I’m on a study project to improve my understanding of roleplaying games. To this end, I already have two reading projects, A Game Per Year and An Adventure Per Year. This is the third, with the goal of reading or playing 52 games made in the last few years. Originally I considered making this “A New RPG Per Week” and that’s where the number 52 comes from, even though a weekly schedule is probably not within my abilities.
The field of roleplaying games breaks down into different traditions of design. There’s the massive edifice of design deriving from D&D. There’s the World of Darkness explosion in the Nineties and it’s many descendants. There are Forge games and more recently Storygames. Games created in the same design tradition tend to be in dialogue with each other. They share commonalities and ancestors even as they also define their differences.
It’s uncommon to read a roleplaying game that comes from a strong, clearly defined design tradition that’s also entirely new. That’s the case with First They Came, a roleplaying game published by the Italian larp organization Chaos League. The game’s design voice is recognizable to anyone who’s played a Chaos League larp but it’s interesting to see it applied to a roleplaying game context.
The subject matter of First They Came is as heavy as it comes. It’s about life in Nazi Germany, centering on a group of fugitives hiding in a Berlin attic in 1942. Each character is complicit in the same system that also persecutes them as outsiders: Jewish, Roma, disabled, gay, socialist, Jehova’s Witness. The compromises required by survival has meant that all have made terrible choices.
The game accomplishes the larp ideal of the 360 degree illusion in a clever way: Through blindfolds and the use of a pre-created soundtrack. In this sense, First They Came is a mini-larp you can play in your living room as long as you can get blindfolds and have a stereo. The characters are hiding in darkness, listening to the sounds of the Gestapo searching their apartments below.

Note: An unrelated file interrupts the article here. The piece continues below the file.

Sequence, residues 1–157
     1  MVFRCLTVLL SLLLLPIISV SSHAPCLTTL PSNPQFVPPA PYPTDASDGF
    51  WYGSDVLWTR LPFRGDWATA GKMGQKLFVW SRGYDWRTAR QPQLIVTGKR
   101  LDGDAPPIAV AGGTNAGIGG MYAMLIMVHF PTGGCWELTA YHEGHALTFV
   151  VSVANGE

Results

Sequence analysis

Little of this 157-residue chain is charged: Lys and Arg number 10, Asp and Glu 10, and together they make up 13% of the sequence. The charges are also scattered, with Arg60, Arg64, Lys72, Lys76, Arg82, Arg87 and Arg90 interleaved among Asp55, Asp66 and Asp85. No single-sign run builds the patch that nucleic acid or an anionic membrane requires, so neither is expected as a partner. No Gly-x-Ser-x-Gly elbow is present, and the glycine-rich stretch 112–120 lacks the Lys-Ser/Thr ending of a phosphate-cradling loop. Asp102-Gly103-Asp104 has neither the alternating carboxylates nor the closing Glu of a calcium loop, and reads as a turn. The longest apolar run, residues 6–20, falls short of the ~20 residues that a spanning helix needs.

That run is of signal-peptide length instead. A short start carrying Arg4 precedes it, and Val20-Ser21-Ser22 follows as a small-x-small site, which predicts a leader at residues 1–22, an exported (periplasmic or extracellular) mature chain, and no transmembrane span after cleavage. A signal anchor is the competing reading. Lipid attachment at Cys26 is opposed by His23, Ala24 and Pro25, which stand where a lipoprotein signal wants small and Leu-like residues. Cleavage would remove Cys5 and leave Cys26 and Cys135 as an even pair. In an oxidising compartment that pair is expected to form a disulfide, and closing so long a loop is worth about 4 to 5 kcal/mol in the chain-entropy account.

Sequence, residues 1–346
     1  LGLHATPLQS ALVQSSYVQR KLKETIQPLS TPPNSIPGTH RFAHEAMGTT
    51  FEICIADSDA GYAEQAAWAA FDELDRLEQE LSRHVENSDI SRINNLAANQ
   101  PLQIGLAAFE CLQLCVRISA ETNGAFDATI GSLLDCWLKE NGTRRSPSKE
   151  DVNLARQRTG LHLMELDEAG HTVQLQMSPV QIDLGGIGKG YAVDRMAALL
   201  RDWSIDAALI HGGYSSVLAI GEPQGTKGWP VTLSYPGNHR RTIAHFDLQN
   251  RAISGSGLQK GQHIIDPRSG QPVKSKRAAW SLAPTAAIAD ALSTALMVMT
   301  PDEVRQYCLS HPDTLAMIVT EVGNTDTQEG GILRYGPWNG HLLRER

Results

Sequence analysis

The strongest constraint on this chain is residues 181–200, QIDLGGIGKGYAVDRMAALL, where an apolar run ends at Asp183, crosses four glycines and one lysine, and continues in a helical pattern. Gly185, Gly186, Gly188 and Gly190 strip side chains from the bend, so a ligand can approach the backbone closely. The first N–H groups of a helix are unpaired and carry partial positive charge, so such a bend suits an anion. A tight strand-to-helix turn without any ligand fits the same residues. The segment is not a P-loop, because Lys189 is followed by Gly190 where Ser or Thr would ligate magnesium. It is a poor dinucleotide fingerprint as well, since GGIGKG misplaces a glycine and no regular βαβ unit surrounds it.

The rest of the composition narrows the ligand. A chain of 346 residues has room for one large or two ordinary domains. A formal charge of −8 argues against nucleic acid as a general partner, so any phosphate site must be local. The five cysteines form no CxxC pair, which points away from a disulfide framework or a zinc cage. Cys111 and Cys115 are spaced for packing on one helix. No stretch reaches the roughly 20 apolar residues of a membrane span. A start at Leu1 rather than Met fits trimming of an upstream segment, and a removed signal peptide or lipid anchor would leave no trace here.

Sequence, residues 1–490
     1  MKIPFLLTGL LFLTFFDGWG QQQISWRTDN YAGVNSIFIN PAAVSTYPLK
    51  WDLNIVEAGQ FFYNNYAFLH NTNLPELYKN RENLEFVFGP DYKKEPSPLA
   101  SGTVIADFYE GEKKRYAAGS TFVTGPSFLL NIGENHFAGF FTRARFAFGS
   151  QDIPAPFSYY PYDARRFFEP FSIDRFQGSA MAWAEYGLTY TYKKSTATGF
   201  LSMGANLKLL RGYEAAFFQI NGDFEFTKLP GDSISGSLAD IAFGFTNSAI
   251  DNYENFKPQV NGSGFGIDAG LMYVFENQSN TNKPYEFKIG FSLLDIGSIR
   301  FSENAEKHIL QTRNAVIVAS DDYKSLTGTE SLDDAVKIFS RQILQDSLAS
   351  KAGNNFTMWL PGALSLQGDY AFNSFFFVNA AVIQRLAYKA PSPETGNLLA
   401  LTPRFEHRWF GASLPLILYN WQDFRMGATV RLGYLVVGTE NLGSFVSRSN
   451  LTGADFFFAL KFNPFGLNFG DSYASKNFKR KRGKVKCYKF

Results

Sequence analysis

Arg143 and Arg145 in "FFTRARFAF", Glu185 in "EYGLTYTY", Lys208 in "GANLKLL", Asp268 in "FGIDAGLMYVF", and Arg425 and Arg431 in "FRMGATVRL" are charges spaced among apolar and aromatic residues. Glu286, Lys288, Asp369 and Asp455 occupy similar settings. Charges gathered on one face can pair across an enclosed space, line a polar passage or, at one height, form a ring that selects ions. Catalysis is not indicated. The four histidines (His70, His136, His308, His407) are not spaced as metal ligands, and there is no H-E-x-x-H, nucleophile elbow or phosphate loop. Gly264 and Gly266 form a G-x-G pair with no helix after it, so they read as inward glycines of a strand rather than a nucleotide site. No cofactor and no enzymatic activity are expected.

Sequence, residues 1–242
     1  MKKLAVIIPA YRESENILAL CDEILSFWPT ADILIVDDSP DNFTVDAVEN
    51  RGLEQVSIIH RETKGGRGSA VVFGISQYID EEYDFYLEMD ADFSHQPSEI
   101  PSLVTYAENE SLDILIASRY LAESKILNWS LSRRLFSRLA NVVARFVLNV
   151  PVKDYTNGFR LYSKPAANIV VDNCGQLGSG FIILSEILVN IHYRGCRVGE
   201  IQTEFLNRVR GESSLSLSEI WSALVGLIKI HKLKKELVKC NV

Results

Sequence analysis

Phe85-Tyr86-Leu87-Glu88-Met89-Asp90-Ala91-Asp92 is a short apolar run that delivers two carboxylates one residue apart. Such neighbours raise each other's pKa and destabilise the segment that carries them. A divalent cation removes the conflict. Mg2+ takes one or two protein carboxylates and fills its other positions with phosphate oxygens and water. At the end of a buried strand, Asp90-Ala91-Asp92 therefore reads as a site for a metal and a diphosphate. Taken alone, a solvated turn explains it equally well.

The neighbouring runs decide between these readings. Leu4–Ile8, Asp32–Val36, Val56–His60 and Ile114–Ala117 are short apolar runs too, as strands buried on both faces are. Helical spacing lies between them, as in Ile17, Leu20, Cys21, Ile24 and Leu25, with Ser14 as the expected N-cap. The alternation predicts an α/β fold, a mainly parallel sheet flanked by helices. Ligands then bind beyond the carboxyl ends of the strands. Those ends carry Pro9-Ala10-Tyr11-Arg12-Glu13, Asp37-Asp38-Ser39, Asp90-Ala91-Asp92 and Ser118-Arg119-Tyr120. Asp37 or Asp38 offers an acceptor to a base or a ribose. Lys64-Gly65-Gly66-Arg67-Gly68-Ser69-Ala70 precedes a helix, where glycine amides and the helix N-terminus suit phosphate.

As the game progresses, one of the characters becomes the Scapegoat, drawing police attention so the others can escape. A voting mechanic determines who will sacrifice themselves.
The title First They Came is a reference to a sermon given by Martin Niemöller in 1946. Often quoted in poetic form, it starts:
First they came for the Communists
And I did not speak out
Because I was not a Communist
The game was originally published as a smaller scenario in the Italian game collection Crescendo Giocoso. It has been expanded for the purposes of release as a fully-realized game.
The design works through the soundtrack, handouts and minutely designed flashback scenes. I played in the Chaos League larp The Secrets We Keep in Florence a few weeks ago and the technique is very recognizable despite the difference in context. The First They Came book has an essay from the editor of the Crescendo Giocoso collection, Oscar Biffi, explaining that he originally wanted to include a piece by Chaos League in his book because he wanted to see what the makers of big larps could do in the space of an intimate, private game of just a few people.
Quite a lot, it turns out.